The American dipper is classified as a songbird. A stocky little species at about 7.5 inches long, this short-tailed bird is rather ordinary looking in many respects, save for the bird’s very unordinary, un-songbird-like behavior. After all, its common name, “dipper,” is for a very good reason.
Of the Minnesota records that I’ve been able to uncover through quick Internet searches, verified, documented observations have been recorded along the North Shore within the fast flowing, cold water streams and rivers flowing into Lake Superior. Of all places in Minnesota—what with the area’s mountain-like landscape and clear running rocky streams—the American dipper would find itself much at home, albeit hundreds of miles east of its normal and preferred range and associated breeding and nesting habitats.
In October, I received an email from retired biologist Mary Jane Gall from Woodbury, Minn., who reported observing a single dipper in her yard while she was doing some lawn work. She told me that the bird allowed her to get quite close, too, as the bird seemed to be foraging in a pile of day lilies that she had just recently cut down. Lucky her!
Indeed, there’s no other quite like the extraordinary American dipper. In fact, this species of dipper is the only dipper in all of North America. Other species, which include four other dippers, inhabit South America, Europe and Asia. The range of the American dipper includes Alaska and southward through the western continental United States and south to the mountains of Panama.
American dippers are squat birds with rather long legs for their size. To compare with other common birds, the dipper looks like a gray catbird without much of a tail. Likewise, and because of its short tail, American dippers also resemble wrens.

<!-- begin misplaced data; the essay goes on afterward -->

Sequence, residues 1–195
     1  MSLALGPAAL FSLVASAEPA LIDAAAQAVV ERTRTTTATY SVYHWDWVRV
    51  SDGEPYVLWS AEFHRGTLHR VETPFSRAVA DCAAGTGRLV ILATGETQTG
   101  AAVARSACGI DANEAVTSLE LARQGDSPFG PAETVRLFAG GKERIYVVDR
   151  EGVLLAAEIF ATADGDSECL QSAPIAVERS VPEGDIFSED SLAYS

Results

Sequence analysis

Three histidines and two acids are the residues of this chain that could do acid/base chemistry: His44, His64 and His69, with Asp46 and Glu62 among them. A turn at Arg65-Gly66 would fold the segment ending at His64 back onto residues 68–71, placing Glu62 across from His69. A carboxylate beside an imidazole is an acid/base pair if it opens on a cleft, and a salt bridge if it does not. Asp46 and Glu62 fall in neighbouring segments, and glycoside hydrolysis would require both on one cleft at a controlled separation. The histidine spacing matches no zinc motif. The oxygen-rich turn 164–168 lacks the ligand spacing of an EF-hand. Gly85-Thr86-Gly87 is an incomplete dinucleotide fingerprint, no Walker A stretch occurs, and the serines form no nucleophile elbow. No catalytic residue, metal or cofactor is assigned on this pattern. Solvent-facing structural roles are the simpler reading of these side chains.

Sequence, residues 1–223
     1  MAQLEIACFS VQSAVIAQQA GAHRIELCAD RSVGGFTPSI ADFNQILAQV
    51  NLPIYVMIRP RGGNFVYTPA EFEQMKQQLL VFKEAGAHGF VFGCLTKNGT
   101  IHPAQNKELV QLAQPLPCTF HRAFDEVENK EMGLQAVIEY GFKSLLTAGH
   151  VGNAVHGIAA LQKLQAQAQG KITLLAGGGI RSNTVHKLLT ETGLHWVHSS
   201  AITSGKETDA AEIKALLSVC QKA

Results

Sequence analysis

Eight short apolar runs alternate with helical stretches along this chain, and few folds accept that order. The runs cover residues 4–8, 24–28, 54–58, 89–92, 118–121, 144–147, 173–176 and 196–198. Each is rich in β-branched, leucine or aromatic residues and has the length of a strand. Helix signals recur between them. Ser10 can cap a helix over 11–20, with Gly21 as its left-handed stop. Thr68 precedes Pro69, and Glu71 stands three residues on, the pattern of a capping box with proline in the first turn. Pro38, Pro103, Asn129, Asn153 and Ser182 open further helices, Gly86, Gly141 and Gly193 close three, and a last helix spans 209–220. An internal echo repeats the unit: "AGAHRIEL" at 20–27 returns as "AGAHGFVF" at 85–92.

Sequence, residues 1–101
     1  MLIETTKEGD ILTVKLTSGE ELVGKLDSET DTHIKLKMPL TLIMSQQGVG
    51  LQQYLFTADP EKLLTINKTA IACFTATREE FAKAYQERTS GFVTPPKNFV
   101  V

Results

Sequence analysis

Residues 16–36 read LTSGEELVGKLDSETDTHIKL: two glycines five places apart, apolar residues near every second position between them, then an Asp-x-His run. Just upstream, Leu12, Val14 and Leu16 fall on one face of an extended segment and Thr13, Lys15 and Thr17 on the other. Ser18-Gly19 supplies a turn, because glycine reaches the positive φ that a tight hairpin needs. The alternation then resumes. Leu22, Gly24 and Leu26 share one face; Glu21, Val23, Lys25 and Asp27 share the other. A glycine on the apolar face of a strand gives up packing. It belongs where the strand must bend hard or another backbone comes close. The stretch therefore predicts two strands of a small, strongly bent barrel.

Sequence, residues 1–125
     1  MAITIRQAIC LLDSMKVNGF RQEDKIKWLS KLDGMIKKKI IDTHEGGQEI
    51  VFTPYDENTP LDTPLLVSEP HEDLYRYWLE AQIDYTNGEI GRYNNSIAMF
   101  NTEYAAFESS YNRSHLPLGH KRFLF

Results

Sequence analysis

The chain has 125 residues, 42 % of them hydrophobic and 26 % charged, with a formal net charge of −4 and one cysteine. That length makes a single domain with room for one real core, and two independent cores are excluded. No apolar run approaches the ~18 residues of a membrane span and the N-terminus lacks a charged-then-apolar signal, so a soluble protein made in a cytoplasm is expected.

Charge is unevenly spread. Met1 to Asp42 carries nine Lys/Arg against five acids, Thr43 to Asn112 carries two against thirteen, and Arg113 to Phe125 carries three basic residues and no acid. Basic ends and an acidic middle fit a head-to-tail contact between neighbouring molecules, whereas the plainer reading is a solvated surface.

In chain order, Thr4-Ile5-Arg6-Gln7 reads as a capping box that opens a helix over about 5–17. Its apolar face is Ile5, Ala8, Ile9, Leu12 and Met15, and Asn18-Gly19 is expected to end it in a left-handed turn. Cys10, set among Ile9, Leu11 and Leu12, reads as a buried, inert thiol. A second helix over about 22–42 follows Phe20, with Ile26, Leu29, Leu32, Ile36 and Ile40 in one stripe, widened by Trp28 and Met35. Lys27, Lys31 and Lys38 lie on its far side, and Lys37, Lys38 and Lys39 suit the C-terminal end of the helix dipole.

As its charming namesake seems to suggest, American dippers not only submerge themselves underwater when hunting for food, they also constantly “dip,” or bob, their bodies up and down as they perch on rocks along their fast-flowing riverine habitats. American dippers are also the only songbird that regularly swims on the surface of the water—their unusually oily feathers are no doubt some of the reason for this amazing ability.
The diving dipper is so suited to its environment, so specialized, that the bird finds itself residing virtually competition-free. Few other birds exploit underwater resources like the American dipper. The astonishing bird is visible one moment bobbing up and down atop river rock, while the next moment it has disappeared into the water; only to resurface on or nearby the same rock a moment later.
Searching for aquatic invertebrates like larvae that hide and crawl on stream bottoms as well as other aquatic organisms such as tadpoles and small fish, including fish eggs, American dippers are experts at finding and capturing these prey items in the fast moving waters of mountain streams. They even have the ability to “fly” underwater, using their wings to aid in propulsion, maneuvering and stabilization in swift flowages.
American dippers also possess two interesting features that better equips them for underwater foraging. In order to see well, dippers have nictitating, transparent membranes that covers their eyes while underwater. Moreover, dippers have movable nasal flaps of skin that close shut so water cannot enter their nasal passages. Also interesting, and rare among songbirds, is that dippers molt both their wing and tail feathers all at once, becoming flightless for a period of time just like ducks and geese do.
I hope to observe the delightful American dipper for myself in its natural habitat someday. I know I could spend countless mesmerized moments watching the dipper bobbing its body and diving and swimming for its food. And while the species does show up from time to time along fast moving streams of the North Shore, our best opportunities to observe this fascinating water songbird will occur much further west as we get out and enjoy the great outdoors.